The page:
Chronic kidney disease: a clinical model of premature aging

Am J Kidney Dis. 2013 Aug;62(2):339-51. doi: 10.1053/j.ajkd.2012.11.051. Epub 2013 Jan 26.


Premature aging is a process associated with a progressive accumulation of deleterious changes over time, an impairment of physiologic functions, and an increase in the risk of disease and death. Regardless of genetic background, aging can be accelerated by the lifestyle choices and environmental conditions to which our genes are exposed. Chronic kidney disease is a common condition that promotes cellular senescence and premature aging through toxic alterations in the internal milieu. This occurs through several mechanisms, including DNA and mitochondria damage, increased reactive oxygen species generation, persistent inflammation, stem cell exhaustion, phosphate toxicity, decreased klotho expression, and telomere attrition. Because recent evidence suggests that both increased local signaling of growth factors (through the nutrient-sensing mammalian target of rapamycin) and decreased klotho expression are important modulators of aging, interventions that target these should be tested in this prematurely aged population.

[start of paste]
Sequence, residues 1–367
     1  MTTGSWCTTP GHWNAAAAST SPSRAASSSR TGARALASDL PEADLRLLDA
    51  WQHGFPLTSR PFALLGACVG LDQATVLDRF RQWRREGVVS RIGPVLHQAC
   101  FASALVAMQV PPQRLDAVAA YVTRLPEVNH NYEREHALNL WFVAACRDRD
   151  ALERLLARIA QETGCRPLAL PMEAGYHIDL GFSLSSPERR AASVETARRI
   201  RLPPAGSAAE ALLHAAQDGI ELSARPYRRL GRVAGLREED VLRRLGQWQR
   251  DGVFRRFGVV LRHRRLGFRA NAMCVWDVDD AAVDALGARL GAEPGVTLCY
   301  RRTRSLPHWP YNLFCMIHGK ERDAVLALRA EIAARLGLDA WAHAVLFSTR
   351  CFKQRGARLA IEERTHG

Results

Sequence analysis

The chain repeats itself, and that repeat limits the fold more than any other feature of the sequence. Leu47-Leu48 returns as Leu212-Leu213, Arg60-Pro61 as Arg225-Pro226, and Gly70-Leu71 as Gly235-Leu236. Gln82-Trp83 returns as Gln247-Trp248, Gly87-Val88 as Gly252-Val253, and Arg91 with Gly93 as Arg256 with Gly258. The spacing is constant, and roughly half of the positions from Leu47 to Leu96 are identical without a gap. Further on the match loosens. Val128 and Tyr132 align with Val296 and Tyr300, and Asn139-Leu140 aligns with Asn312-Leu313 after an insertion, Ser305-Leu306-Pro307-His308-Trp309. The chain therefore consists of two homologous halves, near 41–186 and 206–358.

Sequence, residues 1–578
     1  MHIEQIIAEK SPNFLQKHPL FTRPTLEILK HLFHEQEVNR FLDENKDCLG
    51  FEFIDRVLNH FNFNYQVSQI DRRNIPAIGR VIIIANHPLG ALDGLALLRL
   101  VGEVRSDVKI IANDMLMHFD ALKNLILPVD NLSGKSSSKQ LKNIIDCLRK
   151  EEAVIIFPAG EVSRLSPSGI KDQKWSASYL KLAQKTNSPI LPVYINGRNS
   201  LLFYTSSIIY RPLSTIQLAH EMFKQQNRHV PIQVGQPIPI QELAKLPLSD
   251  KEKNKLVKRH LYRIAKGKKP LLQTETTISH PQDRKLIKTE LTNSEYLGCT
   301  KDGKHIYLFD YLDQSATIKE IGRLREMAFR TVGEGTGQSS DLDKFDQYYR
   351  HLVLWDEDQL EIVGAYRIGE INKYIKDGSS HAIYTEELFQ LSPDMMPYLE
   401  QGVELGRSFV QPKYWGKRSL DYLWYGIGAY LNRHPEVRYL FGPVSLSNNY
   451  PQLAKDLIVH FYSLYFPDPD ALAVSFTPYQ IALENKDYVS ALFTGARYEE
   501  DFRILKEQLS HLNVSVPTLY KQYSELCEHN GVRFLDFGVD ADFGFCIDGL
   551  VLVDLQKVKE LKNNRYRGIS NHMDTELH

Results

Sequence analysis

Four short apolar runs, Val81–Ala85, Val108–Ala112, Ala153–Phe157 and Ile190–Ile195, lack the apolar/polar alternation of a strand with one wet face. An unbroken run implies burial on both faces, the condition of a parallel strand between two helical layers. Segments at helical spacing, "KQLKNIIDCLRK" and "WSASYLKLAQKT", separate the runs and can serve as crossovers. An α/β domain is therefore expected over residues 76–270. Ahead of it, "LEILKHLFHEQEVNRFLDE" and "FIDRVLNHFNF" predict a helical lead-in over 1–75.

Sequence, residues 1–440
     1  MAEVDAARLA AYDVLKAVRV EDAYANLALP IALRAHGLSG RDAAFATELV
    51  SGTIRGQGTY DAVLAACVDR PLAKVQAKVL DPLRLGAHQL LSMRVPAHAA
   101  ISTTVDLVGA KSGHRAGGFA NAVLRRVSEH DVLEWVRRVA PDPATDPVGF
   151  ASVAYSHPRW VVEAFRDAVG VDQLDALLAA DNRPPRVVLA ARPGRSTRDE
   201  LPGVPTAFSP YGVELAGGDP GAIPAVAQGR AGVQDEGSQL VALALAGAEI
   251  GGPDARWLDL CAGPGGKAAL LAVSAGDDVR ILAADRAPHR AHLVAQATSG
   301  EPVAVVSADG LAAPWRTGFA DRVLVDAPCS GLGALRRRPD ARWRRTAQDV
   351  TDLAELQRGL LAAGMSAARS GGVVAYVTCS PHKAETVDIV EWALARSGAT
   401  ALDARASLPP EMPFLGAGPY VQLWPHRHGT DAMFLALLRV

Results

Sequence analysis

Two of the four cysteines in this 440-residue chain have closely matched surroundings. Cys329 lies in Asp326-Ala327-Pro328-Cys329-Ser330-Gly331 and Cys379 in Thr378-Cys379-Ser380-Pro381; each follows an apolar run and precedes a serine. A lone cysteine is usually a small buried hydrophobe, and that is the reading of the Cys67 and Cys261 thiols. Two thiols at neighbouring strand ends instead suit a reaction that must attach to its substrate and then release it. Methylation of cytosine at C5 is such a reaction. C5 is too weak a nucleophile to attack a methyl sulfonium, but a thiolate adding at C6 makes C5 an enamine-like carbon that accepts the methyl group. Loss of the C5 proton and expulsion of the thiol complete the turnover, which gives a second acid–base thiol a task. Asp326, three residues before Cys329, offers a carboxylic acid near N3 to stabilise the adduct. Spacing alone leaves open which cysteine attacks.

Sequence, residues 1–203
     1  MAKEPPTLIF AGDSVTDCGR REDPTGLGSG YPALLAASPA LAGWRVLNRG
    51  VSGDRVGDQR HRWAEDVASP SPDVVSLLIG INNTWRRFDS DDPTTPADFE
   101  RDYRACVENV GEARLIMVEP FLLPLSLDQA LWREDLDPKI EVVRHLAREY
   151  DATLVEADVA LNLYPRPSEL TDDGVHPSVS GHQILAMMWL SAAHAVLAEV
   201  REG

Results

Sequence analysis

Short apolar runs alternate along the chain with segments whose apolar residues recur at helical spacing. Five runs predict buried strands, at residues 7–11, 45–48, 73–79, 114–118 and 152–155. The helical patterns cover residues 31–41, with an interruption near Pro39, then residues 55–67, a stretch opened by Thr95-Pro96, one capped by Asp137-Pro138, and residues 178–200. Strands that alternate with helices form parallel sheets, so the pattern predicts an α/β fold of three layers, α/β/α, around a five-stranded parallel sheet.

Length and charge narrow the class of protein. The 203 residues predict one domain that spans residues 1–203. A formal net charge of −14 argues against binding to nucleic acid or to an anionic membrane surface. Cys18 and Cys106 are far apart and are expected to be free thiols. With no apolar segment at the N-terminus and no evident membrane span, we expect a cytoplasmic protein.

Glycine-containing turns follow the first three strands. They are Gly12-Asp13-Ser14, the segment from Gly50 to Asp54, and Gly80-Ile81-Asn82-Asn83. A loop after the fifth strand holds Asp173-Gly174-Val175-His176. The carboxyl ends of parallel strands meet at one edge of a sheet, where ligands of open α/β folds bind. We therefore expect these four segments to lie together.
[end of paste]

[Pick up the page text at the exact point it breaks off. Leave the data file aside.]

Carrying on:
Keywords: Chronic kidney disease; aging; cardiovascular disease; inflammation; klotho; mammalian target of rapamycin (mTOR); oxidative stress; phosphate.

Publication types

  • Research Support, Non-U.S. Gov't
  • Review

MeSH terms

  • Aging / physiology
  • Aging, Premature / etiology*
  • Aging, Premature / prevention & control
  • Cellular Senescence
  • Fibroblast Growth Factors / physiology
  • Genetic Pleiotropy
  • Glucuronidase / physiology
  • Humans
  • Inflammation
  • Models, Biological
  • Renal Insufficiency, Chronic / complications*


  • Fibroblast Growth Factors
  • fibroblast growth factor 23
  • Glucuronidase
  • klotho protein